Best known for its perilous Winter March through the wilderness of New Brunswick to the battlegrounds in Upper Canada, the 104th (New Brunswick) Regiment of Foot was a British unit originally raised to defend the Maritimes, with members drawn from New Brunswick, Nova Scotia, Newfoundland, Upper and Lower Canada, and the British Isles.
In 1813, the regiment was sent to raid the American naval base in Sackets Harbor, New York, and then moved to the Niagara Peninsula to continue its fight against the invading Americans.
In 1814, the 104th also saw action along the St. Lawrence River, in the Battle of Lundy’s Lane, and at the siege of Fort Erie. By the end of the war, it was stationed in Montreal, where it was disbanded in 1817.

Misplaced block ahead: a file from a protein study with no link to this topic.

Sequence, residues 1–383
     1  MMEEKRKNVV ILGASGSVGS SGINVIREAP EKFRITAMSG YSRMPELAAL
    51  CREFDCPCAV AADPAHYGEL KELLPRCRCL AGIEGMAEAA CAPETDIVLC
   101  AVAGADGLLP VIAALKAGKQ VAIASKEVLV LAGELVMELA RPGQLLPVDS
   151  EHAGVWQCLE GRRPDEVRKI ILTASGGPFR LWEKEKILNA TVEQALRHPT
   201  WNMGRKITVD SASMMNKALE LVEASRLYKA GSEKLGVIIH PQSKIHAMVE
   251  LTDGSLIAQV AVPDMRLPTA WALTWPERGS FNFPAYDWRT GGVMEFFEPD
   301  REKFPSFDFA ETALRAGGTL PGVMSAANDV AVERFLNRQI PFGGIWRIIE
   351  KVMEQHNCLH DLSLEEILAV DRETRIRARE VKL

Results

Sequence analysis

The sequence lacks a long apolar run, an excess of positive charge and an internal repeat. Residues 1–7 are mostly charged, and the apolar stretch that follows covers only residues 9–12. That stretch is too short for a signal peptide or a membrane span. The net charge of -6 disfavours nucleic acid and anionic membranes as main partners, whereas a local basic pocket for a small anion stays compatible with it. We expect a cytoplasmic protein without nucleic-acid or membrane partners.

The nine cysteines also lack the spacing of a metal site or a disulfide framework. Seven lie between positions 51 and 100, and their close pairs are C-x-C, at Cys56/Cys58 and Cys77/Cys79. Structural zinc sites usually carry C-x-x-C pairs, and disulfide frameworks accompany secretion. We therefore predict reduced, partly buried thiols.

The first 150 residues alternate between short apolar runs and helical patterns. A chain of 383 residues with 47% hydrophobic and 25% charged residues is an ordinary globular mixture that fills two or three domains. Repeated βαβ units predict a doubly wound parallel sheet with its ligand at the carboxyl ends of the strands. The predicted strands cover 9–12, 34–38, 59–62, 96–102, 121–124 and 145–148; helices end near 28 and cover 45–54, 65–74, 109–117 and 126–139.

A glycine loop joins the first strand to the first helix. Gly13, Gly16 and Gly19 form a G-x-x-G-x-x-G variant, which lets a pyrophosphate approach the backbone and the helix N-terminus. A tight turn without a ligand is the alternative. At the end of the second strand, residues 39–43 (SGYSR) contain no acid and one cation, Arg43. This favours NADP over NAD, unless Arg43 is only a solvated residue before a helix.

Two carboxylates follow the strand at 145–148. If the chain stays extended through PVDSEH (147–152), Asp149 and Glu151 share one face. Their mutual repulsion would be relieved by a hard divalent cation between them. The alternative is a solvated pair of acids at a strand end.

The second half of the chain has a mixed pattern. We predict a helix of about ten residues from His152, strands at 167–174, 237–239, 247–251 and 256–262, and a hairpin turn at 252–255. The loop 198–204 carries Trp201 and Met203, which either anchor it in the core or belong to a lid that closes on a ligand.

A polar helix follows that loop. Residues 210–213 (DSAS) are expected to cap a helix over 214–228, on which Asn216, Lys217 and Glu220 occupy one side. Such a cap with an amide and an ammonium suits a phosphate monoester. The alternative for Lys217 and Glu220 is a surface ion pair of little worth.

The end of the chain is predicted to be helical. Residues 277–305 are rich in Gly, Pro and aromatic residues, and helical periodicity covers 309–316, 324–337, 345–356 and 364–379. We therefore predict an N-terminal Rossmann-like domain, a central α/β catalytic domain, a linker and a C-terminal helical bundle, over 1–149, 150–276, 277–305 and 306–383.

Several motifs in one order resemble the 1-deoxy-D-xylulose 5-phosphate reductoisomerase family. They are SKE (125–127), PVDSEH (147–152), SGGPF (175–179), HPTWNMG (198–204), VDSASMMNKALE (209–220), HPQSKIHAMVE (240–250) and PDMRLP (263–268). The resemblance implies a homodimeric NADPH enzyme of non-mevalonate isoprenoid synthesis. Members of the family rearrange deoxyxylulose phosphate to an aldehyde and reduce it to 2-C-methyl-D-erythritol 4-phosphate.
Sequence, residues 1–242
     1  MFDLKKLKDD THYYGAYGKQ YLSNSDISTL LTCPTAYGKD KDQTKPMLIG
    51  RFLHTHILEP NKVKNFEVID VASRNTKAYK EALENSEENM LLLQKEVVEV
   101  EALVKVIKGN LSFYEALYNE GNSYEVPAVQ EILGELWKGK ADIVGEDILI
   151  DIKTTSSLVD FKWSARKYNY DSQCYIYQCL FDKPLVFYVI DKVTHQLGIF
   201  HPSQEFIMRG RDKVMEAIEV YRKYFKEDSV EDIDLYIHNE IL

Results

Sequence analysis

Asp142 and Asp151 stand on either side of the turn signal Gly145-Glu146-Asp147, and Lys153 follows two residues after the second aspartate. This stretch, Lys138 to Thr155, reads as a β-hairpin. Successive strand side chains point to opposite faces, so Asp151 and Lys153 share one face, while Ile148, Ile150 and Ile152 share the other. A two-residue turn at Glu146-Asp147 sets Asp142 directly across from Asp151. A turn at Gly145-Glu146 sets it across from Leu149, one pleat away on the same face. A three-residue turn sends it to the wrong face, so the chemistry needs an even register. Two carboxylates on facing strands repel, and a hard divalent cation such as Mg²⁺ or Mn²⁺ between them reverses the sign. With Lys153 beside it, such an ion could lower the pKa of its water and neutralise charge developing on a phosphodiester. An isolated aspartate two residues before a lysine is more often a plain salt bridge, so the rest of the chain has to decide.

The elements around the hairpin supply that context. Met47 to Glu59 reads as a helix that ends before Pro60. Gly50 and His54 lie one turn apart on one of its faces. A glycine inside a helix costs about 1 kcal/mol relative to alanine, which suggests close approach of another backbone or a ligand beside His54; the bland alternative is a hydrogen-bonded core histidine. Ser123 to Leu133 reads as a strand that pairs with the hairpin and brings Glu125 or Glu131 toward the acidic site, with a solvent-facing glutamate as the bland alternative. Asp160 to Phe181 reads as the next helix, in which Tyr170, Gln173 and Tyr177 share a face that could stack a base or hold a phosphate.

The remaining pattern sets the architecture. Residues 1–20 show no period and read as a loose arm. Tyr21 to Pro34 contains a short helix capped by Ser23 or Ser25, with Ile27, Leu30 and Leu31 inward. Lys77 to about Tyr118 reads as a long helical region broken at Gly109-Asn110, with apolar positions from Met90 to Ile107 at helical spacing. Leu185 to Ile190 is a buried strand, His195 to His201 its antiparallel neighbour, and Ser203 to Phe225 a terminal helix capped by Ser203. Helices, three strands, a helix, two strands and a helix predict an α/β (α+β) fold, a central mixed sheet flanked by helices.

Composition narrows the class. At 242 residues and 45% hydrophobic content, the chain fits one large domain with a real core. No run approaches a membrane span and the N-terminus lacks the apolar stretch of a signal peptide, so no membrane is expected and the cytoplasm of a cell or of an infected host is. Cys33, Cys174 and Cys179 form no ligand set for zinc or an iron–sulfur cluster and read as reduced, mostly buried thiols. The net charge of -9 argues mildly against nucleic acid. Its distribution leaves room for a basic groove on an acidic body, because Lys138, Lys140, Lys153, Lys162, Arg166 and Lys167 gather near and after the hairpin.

Largely forgotten, the story of the 104th has been resurrected by author John R. Grodzinski in The 104th (New Brunswick) Regiment of Foot in the War of 1812 (Goose Lane Editions & NBMHP, 2014) for the bicentennial of the War of 1812, using rare period correspondence, reports, diaries, and journals.
The 104th (New Brunswick) Regiment of Foot in the War of 1812 is volume 21 in the New Brunswick Military Heritage Series.
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